Writing Resources

Retrospective Statement

The retrospective statement is a required part of every IMP student's final project. It is a three- to five-page essay (please number your pages!) in which the student reflects on the various elements of his or her program (courses and independent study, internships, extracurricular activities, etc.) with a view toward identifying connections among them. One useful approach to the statement is to consider this question: How do the various elements of your curriculum form an integrated whole? The retrospective statement might also recount challenges that arose during the student's IMP career and ways the student adapted in response.

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Analytic Essay

Students whose final projects are internships, performances, screenplays — anything that is not itself an extended piece of analytic writing — are required to write a 10- to 12-page analytic essay. The analytic essay is the faculty committee's primary means of access to the final project, both what it precisely was and what your role in completing it involved. In addition to describing the project, the analytic essay delves into the hows and whys of it, showing, for example, how issues common in the studentís field manifested themselves in an internship, or explaining the choices involved in conceiving, drafting, and editing a piece of creative writing. The focus of the analytic essay should remain squarely on the final project (unlike the retrospective statement, which encompasses the studentís overall experience as a student in the IMP). Itís expected that the student will discuss major courses in the analytic essay, but only in connection with their application to the project.

One way of ensuring strong analytic content is by careful attention to the organization of the essay. Considering the common definition of analysis as breaking down a subject into its component parts, identify four or five important concepts that will guide your discussion. (Preparing an outline is particularly helpful when drafting the analytic essay.) Craft an introduction that captures the readerís attention and interest while also making clear what the project is and the strategy the paper will use to analyze it. Write clear topic sentences and include transitions that keep the reader oriented to the direction of your discussion. An effective conclusion may, in part, remind the reader of what has preceded it but will, more crucially, reassert the importance of the material under consideration, pointing to its implications for future research and social practice, or expanding upon its ethical and moral dimensions.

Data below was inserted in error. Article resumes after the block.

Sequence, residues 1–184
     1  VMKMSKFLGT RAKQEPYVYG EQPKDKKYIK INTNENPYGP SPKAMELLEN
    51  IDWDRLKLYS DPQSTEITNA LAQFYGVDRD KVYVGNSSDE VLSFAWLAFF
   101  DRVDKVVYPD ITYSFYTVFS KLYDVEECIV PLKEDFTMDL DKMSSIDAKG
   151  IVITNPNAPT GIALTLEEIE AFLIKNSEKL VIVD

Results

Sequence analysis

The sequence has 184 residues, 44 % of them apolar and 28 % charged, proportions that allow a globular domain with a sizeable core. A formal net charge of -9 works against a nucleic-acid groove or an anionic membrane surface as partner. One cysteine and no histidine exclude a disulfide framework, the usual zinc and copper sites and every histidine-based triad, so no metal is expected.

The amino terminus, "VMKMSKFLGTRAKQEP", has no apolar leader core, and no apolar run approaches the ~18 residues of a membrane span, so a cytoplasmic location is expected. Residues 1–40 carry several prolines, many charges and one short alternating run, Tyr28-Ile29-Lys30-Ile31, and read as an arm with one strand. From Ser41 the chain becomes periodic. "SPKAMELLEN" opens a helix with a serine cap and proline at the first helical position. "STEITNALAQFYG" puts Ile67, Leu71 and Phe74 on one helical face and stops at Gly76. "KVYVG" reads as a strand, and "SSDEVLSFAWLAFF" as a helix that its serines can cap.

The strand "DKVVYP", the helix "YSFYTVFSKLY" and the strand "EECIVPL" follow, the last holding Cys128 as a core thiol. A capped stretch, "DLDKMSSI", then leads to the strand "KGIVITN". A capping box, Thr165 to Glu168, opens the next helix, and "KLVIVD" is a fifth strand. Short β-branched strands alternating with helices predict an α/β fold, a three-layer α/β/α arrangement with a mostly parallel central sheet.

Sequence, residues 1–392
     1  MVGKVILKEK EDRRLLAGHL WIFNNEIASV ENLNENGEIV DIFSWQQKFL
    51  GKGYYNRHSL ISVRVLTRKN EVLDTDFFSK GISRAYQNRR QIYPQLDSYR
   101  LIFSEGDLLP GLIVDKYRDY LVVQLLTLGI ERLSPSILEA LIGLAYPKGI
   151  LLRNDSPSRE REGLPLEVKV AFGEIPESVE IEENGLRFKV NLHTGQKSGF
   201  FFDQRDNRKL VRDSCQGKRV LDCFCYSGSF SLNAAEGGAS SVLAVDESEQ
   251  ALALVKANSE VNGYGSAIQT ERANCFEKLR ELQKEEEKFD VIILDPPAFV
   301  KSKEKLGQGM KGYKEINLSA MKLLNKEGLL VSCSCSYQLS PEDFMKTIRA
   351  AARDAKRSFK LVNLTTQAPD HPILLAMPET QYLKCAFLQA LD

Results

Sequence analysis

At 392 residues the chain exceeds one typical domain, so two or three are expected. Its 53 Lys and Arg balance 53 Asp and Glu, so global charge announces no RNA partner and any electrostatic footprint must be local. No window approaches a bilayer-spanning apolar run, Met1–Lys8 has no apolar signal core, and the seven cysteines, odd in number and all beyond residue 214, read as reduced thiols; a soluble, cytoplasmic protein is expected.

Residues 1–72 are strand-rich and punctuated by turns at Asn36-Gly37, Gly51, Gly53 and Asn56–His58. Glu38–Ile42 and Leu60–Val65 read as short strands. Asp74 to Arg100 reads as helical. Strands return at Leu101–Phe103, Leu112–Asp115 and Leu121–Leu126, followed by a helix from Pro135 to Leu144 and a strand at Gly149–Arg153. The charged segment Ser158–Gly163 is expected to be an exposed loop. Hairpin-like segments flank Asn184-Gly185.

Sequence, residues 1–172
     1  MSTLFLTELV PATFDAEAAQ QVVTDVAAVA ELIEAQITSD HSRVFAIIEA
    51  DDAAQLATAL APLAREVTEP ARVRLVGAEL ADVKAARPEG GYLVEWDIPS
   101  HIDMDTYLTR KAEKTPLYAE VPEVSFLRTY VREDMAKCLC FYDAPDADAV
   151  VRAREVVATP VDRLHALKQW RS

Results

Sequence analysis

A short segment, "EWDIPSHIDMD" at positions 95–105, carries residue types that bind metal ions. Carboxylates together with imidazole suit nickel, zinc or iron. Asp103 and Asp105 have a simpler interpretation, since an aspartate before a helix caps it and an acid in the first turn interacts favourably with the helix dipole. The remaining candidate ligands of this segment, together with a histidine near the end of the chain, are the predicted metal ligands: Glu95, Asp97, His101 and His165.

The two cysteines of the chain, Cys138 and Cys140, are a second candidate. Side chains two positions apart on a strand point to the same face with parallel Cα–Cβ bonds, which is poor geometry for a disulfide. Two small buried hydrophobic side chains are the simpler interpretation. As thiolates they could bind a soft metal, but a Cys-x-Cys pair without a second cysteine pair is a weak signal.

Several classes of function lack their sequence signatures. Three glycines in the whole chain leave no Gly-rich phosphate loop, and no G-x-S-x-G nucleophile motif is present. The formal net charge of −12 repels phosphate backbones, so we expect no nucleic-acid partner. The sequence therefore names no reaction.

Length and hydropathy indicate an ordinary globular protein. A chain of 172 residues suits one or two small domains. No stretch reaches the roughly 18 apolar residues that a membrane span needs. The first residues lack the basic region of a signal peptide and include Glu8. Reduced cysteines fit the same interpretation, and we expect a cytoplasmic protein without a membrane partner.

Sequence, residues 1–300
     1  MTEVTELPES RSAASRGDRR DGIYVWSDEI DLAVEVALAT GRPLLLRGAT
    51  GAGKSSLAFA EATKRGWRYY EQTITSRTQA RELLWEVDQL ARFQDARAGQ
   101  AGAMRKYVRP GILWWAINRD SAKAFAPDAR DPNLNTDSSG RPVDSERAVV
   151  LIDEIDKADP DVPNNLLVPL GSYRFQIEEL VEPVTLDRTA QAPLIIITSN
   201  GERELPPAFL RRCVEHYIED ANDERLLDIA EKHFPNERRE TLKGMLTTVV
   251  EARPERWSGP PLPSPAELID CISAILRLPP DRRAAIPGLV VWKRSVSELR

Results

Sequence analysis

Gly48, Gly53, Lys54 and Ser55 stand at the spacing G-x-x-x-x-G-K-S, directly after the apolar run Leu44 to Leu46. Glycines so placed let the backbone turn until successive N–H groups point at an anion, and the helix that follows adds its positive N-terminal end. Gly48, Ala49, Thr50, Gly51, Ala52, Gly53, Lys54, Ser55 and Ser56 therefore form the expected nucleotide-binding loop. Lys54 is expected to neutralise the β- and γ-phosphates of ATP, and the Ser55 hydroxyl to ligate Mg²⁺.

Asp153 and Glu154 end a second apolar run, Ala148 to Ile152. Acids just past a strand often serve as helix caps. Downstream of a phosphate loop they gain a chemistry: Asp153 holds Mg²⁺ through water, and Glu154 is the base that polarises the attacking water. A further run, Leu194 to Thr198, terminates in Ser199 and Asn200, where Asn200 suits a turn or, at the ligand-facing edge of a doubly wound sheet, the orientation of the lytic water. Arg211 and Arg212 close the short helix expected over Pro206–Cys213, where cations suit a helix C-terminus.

The analytic essay isnít necessarily thesis-driven in the manner of the typical academic paper, and it neednít cite secondary sources. It does, however, have a persuasive purpose: to demonstrate that the final project is an effective culmination of the studentís academic program and that the faculty committee should approve the completion of the studentís individualized major. The essay is often the element of the studentís project that gives the committee its clearest idea of the projectís success. The committee members will defer to an on-site supervisor to evaluate the studentís work in an internship, or to the faculty sponsor to assess the level of accomplishment displayed in a performance, but the studentís own written account is their chief criterion for judging the studentís success in the individualized major.

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I470 Senior Writing Workshop

IMP students who wish to develop their writing skills are encouraged to take the I470 Senior Capstone Seminar, a one-credit, first-eight-weeks course offered in the spring and fall. I470 is a writing workshop focusing on the production of the retrospective and analytic essays. Students normally take I470 during the final semester of their IMP studies.

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Other Resources

Writing Tutorial Services provides free tutoring on all stages of the writing process.

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